2. 2. 2. RATIO DECIDENDIIt follows from the doctrine of precedent that like cases should be treated alike. It means thatif a court is dealing with a case which shares material facts with a previous, already decidedcase, the court is generally bound2 by the previous decision and should arrive to the sameconclusion3. However the court is not bound by the whole decision but only by the rules andprinciples the decision creates and is based on. This is what is called its ratio decidendi. It isthe crucial part of a binding precedent4 which contains the relevant authoritative statementsand legal reasoning. It is therefore to be understood as the indispensable principle of lawabstracted from the material facts, which is used by the judge to make his decision5. Only theratio binds judges in the future and all other pronouncements are said in passing and areconsidered obiter dicta.Nobody disputes that the location of this essential part of a binding decision may and usuallyis a very difficult task, for English judges are not limited in length and in what they cover intheir judgment, they usually do not specifically distinguish between ratio decidendi and obiterdicta statements. The scope of the ratio varies as well and usually depends even on elementsfound outside of the particular case6. If we are looking at a very long decision of appellatecourt, or in case judges do not agree as to the reasons for decision, the task will get even moredifficult. However there are certain guides how to locate the ratio:When all judges deciding a case agree as to its outcome, their majority view contains bindingratio decidendi. On the other hand, when a judge adopts a dissenting opinion, we can becertain that it is obiter dicta and we do not need to take his statements into account asbinding7.It has been written above that judges mostly do not strictly distinguish in their decisionsbetween ratio decidendi and obiter dicta. Sometimes, however, they do make such distinction(even though not expressly). As Denis Keenan notes, a judge may say “if it were necessary todecide the further point, I should be inclined to say that…” These “if statements” are not to beapplied to the material facts of the current2 Courts are normally bound by decision of a higher court and usually even by its own previous decisions3 It comes from the doctrine of stare decisis adopted by medieval traveling judges4 For not all precedents are binding (for instance decisions of Scottish courts normally do not bind Englishjudges, however they may have persuasive power, decisions from other Commonwealth jurisdictions may be ofpersuasive power as well).5 Household Fire Insurance Copany v Grant (1978), The court decided in this case that “…letter of acceptancetook effect when it was posted, the reason behind this principle being that the Post Office was the common agentof the parties” (Keenan, Denis J., Smith & Keenans English law: 13th ed., 2001, Harlow: Longman, from p.171).6 The time play its role as well, the judges may over years ascribe a broad ratio to a case, or conversely a verynarrow one which is than difficult to apply in the future, for materiál facto of every case are almost never thesame.7 However, dissenting opinions are often of persuasive nature, especially if pronounced by judges of high repute(Lord Atkin in Donoghue v Stevenson [1932] A.C. 562)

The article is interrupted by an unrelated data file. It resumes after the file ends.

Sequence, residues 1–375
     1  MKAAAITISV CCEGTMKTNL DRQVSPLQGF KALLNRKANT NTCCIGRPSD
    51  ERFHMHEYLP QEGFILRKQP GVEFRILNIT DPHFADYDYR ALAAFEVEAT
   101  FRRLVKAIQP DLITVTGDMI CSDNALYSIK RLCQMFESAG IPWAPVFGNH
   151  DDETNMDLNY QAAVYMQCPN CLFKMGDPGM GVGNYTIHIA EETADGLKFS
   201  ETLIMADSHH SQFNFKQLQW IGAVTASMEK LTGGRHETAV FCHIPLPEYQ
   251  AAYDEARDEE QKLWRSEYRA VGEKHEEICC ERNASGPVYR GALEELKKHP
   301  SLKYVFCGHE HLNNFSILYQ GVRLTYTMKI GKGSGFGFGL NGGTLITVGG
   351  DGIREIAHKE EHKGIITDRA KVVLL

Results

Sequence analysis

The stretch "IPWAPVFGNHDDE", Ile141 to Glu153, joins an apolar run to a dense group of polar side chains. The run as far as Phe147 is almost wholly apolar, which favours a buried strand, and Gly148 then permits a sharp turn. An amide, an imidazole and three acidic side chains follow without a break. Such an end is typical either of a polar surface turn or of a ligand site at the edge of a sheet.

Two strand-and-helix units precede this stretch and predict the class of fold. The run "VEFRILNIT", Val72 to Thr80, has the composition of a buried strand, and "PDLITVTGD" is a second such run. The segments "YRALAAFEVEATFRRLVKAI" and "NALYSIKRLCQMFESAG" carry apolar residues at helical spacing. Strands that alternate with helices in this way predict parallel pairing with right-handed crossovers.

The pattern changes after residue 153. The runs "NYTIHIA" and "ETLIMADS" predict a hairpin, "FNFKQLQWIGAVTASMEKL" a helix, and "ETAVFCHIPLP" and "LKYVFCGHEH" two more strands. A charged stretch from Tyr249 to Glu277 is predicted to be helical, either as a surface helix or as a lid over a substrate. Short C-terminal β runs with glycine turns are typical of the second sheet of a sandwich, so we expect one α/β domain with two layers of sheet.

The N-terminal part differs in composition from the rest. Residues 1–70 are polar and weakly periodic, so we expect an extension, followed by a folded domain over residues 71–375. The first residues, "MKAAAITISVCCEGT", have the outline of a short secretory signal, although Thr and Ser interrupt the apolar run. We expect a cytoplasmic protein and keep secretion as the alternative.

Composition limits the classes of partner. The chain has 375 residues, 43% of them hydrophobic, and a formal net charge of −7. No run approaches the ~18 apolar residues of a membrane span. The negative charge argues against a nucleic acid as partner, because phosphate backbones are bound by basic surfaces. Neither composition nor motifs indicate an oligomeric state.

3. 3. case and are therefore obiter dicta8. It is only by application a statement becomes binding,everything else said by a judge is an expression of his opinion about further hypotheticalquestions and even though it may have significant persuasive power, it is not binding.However, in rare cases it may be really impossible to discover any ratio decidendi9. The Courtof Appeal held, for example, that there was no discernible ratio in case Central Asbestos CoLtd v Dodd10. Even though it is unpleasant and will make the decision making morecomplicated, it is not anything, which a judge could not deal with. In such circumstances thecourt will have to go back in time and find an earlier case dealing with the same issue andapply it to the situation dealt with now11.3. APPLICATION OF RATIO DECIDENDI IN SUBSEQUENT CASESSome critics assert that judges can easily (and often do) ignore the ratio and eventuallydecides the case regardless of the ratio found. It is not so. Judges of course may, in somecases, depart from a previous ratio. However this discretion is absolutely necessary in orderfor the law the keep pace with reality and to sustain its development. Judges do not exercisethis freedom in arbitrary way. There are rules saying where this departure is admissible andwhere it is not. In general all higher courts bind the courts bellow and are usually bound evenby its own previous decision12. There are, however, situations when strict following of theprevious case’s ratio would have adverse effect. To deal with these situations severalexceptions from the rule of binding precedent developed:a judge does not have to follow previous decision if he distinguishes the current case from theprevious one on material facts, it means that he needs to find features of the case he considerswhich are sufficiently different from the previous case13,as already mentioned above, the court logically does not have to follow a previous judgmentif its ratio is not discernible14 ,if a decision conflicts with a basic legal principle it also ceased to be binding15,if an important precedent or a statutory rule has not been considered by the court making theprevious decision, subsequent courts can ignore such decision16,decision which has been overruled by a statute is also of no binding force178 Keenan, Denis J., Smith & Keenans English law: 13th ed., 2001, Harlow: Longman, from p. 1719 For istance there is no majority opinion deciding for a specific ratio10 Central Asbestos Co Ltd v Dodd [1972] 2 All ER 113511 In case there is no such decision, the court will create a new precedent based on the rules and principles ofcase law as whole.12 This is however only a simplification , for it is not purpose of this essay to consider the court structure in moredetail13 Narrowing the ratio decidendi by distinguishing, Quin v Leatham [1901] AC 49514 Central Asbestos Co Ltd v Dodd [1972] 2 All ER 113515 Beswick v Beswick, 196716 Decisions made per incuriam